Communion Bread

A few months ago, one of the ladies asked me if I could help with communion, setting it up three or four times a year. I would be replacing a woman  who had been showing signs of dementia.

I had my first turn this last week. One of the ladies showed me where the supplies were kept — the chalices and plates, the pretty linens, and a six-pack of bottles of grape juice.

It seemed pretty straight-forward.

Until I asked about the bread.

“You can get any bread,” the woman told me.

“Any bread?” I asked.

“Sure,” she said. “It doesn’t really matter.”

It mattered to me.

I angsted over communion bread all week. I couldn’t get just any old bread. This was the body of Christ, for crying out loud.

Our church offers communion by intinction. The pastor tears a chunk off the loaf of bread (yeast bread) and offers it to the communicant, who then dips it in the chalice.

I know that some churches use matzoh, or unleavened bread, because that’s what Jesus would have used during His last Passover supper. Others use leavened bread, a reminder of new life and a new covenant. Some churches use wafers and believe in transsubstantiation.

Some churches use individual cups. Others use chalices. Some churches use wine. Others use juice.

Some celebrate the Eucharist weekly, others monthly, and still others yearly.

However it’s done, all Christians unite in this mystery that goes beyond time and space and a morsel and a taste of juice.

The body of Christ broken for you.

The blood of Christ shed for you.

I struggled with what to bring for the communion bread. I prayed about it. I wrestled with in my heart. I looked at bread at the grocery store and at the local bakery. Then I prayed some more.

Finally, I decided to try to make the bread. I pictured myself kneading the dough and praying for the people in our congregation.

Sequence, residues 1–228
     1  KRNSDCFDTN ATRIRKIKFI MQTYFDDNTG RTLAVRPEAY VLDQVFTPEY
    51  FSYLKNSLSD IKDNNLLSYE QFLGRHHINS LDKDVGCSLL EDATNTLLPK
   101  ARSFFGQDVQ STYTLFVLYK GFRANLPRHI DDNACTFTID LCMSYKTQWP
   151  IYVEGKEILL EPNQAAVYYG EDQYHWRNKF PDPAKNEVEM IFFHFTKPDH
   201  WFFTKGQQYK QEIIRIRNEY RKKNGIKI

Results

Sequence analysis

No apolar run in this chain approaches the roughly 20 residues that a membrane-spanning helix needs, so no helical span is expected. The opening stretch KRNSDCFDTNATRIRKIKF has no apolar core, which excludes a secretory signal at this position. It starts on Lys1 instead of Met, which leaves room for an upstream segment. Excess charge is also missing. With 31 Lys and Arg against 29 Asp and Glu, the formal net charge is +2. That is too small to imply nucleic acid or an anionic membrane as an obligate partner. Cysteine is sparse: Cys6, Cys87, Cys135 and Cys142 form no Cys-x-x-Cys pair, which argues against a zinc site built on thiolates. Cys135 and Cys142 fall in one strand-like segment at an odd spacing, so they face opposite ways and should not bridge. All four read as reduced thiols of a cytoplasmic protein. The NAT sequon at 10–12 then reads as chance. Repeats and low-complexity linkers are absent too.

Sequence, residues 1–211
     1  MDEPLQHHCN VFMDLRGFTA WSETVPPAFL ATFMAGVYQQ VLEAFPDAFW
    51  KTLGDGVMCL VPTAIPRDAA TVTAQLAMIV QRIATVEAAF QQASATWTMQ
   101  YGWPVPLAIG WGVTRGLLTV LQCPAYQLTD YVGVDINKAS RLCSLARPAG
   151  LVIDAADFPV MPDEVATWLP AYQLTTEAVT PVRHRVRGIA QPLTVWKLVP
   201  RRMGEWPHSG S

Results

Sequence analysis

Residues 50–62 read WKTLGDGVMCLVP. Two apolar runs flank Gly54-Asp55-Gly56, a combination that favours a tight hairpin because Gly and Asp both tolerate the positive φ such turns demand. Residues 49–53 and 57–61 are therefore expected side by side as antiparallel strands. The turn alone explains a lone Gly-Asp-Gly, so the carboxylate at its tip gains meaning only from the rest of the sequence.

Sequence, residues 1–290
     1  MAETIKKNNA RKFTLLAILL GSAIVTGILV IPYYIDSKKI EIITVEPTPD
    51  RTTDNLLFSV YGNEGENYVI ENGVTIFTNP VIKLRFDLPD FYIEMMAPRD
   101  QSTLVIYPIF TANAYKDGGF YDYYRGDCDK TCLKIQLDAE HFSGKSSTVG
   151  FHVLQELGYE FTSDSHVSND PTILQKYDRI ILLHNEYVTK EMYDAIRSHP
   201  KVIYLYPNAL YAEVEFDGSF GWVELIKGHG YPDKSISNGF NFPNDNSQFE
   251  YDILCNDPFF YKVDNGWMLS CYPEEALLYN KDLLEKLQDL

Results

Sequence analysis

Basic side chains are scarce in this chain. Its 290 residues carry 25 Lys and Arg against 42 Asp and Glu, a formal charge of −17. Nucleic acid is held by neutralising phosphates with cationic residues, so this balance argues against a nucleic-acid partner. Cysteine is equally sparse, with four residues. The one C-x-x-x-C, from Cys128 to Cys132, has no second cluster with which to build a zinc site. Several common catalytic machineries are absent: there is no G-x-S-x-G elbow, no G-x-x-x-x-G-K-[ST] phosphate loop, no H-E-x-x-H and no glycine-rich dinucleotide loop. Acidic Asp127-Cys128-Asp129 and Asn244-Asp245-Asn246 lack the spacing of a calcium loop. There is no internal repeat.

I got a recipe from another church, but it didn’t call for kneading. I messaged the woman who sent me the recipe — “Do I really not knead it? Just punch it down?”

She answered, “I think the mixing is enough. I never kneaded it. Yes, just punch it down. No worries.”

“This is an act of faith for me,” I told her, “in more ways than one.”

Before I removed the baked bread from the pan, I laid my hands on the loaf and prayed, “O Lord, please be honored with this bread. Bless the people who partake of it.”

I brought the bread to church in a brown paper bag. I didn’t want anyone to know that I had made it. Bud helped me set everything up on the altar.

The moment in the service came when Pastor Tom lifted the bread for all to see.

“This is Christ’s body, broken for you,” he said, as he broke the loaf in half.

As luckfateGodcoincidencechance would have it, Pastor Tom asked me to stand beside him for communion and hold the chalice.

I watched him tear off chunk after chunk of bread. I tried to focus on my words — “The blood of Christ shed for you” but the bread was so distracting. The pieces got larger and larger.

One woman laughed as she received a piece so large that she had to tear it in half to dip in the chalice.

I laughed, too. It was comical.

After the service, she came up front to talk with the pastor.

“You got your whole lunch there,” I said to her, nodding towards the communion trays.

Tom said, “I was trying to pull off small pieces but I couldn’t!”

She said, “You were very generous, pastor.”

Tom said, “No, God is very generous.”

We all agreed.

Isn’t that the crux of communion — a God so generous that He gave His son.

The woman said, “I didn’t mind. That bread was so good!”

The bread wasn’t perfect — but then, neither am I.

And God honored the bread.

Generously.

 

 

 

 

P is for Presbyterian

Cooperstown Presbyterian Church

Both my mother and father were deeply involved in the Cooperstown Presbyterian Church.

From my mother’s obituary:

Perhaps most central to Elinor’s life was her steadfast devotion to the First Presbyterian Church of Cooperstown, for it was there that she faithfully blended her love of family and God. A member since 1969, Elinor sang in the Chancel Choir, served in church leadership as a Deacon and an Elder, as Treasurer and Clerk of Session, volunteered as a Sunday School Teacher, was a member and/or chair of numerous committees over the years, and participated fully in the women’s association. A generation of young people will remember Elinor as the one who prepared the food for the weekly Thursday school gatherings at the Presbyterian Church.